Functions of bounded or vanishing nonlinearity

A natural way to measure the nonlinearity of a function {f\colon I\to \mathbb R}, where {I\subset \mathbb R} is an interval, is the quantity {\displaystyle NL(f;I) = \frac{1}{|I|} \inf_{k, r}\sup_{x\in I}|f(x)-kx-r|} which expresses the deviation of {f} from a line, divided by the size of interval {I}. This quantity was considered in Measuring nonlinearity and reducing it.

Let us write {NL(f) = \sup_I NL(f; I)} where the supremum is taken over all intervals {I} in the domain of definition of {f}. What functions have finite {NL(f)}? Every Lipschitz function does, as was noted previously: {NL(f) \le \frac14 \mathrm{Lip}\,(f)}. But the converse is not true: for example, {NL(f)} is finite for the non-Lipschitz function {f(x)=x\log|x|}, where {f(0)=0}.

xlogx
y  = x log|x|

The function looks nice, but {f(x)/x} is clearly unbounded. What makes {NL(f)} finite? Note the scale-invariant feature of NL: for any {t>0} the scaled function {f_t(x) = t^{-1}f(tx)} satisfies {NL(f_t)=NL(f)}, and more precisely {NL(f; tI) = NL(f_t; I)}. On the other hand, our function has a curious scaling property {f_t(x) = f(x) + x\log t} where the linear term {x\log t} does not affect NL at all. This means that it suffices to bound {NL(f; I)} for intervals {I} of unit length. The plot of {f} shows that not much deviation from the secant line happens on such intervals, so I will not bother with estimates.

The class of functions {f} with {NL(f)<\infty} is precisely the Zygmund class {\Lambda^*} defined by the property {|f(x-h)-2f(x)+f(x+h)| \le Mh} with {M} independent of {x, h}. Indeed, since the second-order difference {f(x-h)-2f(x)+f(x+h)} is unchanged by adding an affine function to {f}, we can replace {f} by {f(x)-kx-r} with suitable {k, r} and use the triangle inequality to obtain

{\displaystyle |f(x-h)-2f(x)+f(x+h)| \le 4 \sup_I |f(x)-kx-r| = 8h\; NL(f; I)}

where {I=[x-h, x+h]}. Conversely, suppose that {f\in \Lambda^*}. Given an interval {I=[a, b]}, subtract an affine function from {f} to ensure {f(a)=f(b)=0}. We may assume {|f|} attains its maximum on {I} at a point {\xi \le (a + b)/2}. Applying the definition of {\Lambda^*} with {x = \xi} and {h = \xi - a}, we get {|f(2\xi - a) - 2f(\xi )| \le M h}, hence {|f(\xi )| \le Mh}. This shows {NL(f; I)\le M/2}. The upshot is that {NL(f)} is equivalent to the Zygmund seminorm of {f} (i.e., the smallest possible M in the definition of {\Lambda^*}).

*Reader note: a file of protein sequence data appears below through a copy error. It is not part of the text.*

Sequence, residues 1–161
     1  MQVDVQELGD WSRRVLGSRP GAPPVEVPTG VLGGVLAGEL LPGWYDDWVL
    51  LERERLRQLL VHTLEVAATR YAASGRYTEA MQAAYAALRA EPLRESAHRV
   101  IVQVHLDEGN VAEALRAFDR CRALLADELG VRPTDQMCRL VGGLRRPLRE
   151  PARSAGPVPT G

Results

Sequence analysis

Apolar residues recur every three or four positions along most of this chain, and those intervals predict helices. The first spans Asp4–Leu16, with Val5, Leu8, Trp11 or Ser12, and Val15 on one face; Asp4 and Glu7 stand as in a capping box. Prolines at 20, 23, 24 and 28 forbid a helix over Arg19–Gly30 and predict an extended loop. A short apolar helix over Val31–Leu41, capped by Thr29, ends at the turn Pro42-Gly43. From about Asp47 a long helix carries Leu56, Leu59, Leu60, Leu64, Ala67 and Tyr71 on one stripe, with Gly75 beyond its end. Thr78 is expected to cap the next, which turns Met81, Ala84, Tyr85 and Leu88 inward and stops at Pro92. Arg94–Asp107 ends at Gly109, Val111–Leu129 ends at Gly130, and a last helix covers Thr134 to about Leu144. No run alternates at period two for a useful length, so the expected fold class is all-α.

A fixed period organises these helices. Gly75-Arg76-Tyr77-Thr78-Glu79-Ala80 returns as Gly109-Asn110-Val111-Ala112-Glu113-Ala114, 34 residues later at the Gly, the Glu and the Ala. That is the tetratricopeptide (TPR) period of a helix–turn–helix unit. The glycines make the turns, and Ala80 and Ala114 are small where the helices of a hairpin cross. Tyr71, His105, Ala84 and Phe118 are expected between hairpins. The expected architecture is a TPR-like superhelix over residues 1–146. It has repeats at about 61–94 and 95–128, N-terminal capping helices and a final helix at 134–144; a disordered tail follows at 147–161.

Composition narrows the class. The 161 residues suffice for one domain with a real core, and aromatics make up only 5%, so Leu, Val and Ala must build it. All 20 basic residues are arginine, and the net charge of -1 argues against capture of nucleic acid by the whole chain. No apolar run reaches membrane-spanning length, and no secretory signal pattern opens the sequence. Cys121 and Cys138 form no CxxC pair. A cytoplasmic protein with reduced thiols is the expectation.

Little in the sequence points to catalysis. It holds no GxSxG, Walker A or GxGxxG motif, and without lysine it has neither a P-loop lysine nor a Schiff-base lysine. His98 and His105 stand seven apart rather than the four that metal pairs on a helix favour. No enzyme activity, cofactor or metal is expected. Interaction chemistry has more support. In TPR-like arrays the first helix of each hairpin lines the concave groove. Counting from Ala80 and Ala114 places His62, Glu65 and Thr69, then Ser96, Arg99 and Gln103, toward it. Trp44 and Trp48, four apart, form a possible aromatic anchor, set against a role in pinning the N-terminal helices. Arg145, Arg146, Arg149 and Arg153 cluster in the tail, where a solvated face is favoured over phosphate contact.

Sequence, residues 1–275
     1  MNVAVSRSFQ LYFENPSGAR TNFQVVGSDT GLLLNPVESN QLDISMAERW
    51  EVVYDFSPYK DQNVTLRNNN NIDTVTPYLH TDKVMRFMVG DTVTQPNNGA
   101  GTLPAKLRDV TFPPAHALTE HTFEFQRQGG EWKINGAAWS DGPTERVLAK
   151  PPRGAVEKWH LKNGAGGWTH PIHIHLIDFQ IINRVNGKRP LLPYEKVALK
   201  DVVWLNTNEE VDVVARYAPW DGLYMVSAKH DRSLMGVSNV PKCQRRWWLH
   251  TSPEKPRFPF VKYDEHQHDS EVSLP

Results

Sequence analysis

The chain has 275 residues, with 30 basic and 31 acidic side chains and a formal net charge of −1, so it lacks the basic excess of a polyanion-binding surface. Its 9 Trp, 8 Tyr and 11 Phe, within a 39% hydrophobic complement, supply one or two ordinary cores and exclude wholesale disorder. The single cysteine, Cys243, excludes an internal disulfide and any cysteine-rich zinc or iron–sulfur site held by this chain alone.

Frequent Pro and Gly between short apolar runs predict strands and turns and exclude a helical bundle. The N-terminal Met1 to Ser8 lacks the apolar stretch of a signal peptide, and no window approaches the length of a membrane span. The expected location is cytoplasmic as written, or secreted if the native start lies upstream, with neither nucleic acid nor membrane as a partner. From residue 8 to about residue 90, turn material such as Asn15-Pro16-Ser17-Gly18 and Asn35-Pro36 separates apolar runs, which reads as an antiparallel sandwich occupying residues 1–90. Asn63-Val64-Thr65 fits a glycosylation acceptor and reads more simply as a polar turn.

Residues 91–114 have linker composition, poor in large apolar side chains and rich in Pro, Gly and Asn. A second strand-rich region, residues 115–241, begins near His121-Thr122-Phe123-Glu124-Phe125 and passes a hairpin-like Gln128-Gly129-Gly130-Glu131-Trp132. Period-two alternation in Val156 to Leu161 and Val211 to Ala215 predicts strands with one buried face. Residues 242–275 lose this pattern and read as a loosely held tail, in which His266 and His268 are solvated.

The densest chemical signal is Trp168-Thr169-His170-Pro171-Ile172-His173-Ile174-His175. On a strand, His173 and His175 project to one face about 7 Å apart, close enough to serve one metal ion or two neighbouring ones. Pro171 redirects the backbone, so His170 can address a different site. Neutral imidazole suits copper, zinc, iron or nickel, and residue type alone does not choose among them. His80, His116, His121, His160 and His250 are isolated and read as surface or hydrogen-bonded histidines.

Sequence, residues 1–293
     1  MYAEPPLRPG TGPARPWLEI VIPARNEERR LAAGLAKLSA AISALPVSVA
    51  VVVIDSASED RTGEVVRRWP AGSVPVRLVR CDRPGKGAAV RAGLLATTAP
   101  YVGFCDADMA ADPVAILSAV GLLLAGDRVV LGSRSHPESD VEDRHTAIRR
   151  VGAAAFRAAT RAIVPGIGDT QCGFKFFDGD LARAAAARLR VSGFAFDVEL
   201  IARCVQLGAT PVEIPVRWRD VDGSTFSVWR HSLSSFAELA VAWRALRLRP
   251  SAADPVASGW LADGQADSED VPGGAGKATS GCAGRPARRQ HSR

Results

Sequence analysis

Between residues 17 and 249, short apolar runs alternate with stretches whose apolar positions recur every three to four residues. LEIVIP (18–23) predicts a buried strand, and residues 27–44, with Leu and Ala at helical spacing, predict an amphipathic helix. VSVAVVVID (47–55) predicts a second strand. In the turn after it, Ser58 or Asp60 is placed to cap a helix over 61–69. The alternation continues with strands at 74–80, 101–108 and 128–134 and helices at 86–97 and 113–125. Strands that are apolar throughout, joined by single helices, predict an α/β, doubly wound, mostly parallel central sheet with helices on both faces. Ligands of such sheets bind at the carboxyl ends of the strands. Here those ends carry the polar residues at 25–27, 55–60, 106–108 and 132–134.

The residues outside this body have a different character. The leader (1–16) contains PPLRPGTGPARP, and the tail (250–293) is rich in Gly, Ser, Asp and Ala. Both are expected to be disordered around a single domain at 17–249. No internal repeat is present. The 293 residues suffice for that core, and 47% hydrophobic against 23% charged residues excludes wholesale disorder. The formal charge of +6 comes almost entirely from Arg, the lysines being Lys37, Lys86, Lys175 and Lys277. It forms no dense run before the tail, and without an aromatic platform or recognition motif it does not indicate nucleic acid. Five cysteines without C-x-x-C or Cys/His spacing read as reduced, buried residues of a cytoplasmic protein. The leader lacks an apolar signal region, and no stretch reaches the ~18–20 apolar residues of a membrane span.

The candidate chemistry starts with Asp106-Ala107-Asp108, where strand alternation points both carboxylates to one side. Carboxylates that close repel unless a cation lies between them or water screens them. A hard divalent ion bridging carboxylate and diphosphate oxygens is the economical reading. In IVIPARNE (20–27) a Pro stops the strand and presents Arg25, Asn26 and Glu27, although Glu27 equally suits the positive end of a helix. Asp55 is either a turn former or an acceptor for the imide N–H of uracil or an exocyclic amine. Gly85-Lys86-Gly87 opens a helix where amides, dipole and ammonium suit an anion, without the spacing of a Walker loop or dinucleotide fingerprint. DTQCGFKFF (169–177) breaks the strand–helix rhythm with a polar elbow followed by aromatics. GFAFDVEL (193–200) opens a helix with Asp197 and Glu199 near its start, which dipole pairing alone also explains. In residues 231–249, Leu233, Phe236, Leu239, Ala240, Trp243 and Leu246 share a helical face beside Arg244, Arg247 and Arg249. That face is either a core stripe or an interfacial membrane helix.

A function in {\Lambda^*} may be nowhere differentiable: it is not difficult to construct {f} so that {NL(f;I)} is bounded between two positive constants. The situation is different for the small Zygmund class {\lambda^*} whose definition requires that {NL(f; I)\to 0} as {|I|\to 0}. A function {f \in \lambda^*} is differentiable at any point of local extremum, since the condition {NL(f; I)\to 0} forces its graph to be tangent to the horizontal line through the point of extremum. Given any two points {a, b} we can subtract the secant line from {f} and thus create a point of local extremum between {a } and {b}. It follows that {f} is differentiable on a dense set of points.

The definitions of {\Lambda^* } and {\lambda^*} apply equally well to complex-valued functions, or vector-valued functions. But there is a notable difference in the differentiability properties: a complex-valued function of class {\lambda^*} may be nowhere differentiable [Ullrich, 1993]. Put another way, two real-valued functions in {\lambda^*} need not have a common point of differentiability. This sort of thing does not often happen in analysis, where the existence of points of “good” behavior is usually based on the prevalence of such points in some sense, and therefore a finite collection of functions is expected to have common points of good behavior.

The key lemma in Ullrich’s paper provides a real-valued VMO function that has infinite limit at every point of a given {F_\sigma} set {E} of measure zero. Although this is a result of real analysis, the proof is complex-analytic in nature and involves a conformal mapping. It would be interesting to see a “real” proof of this lemma. Since the antiderivative of a VMO function belongs to {\lambda^* }, the lemma yields a   function {v \in \lambda^*} that is not differentiable at any point of {E}. Consider the lacunary series {u(t) = \sum_{n=1}^\infty a_n 2^{-n} \cos (2^n t)}. One theorem of Zygmund shows that {u \in \lambda^*} when {a_n\to 0}, while another shows that {u} is almost nowhere differentiable when {\sum a_n^2 = \infty}. It remains to apply the lemma to get a function {v\in \lambda^*} that is not differentiable at any point where {u} is differentiable.

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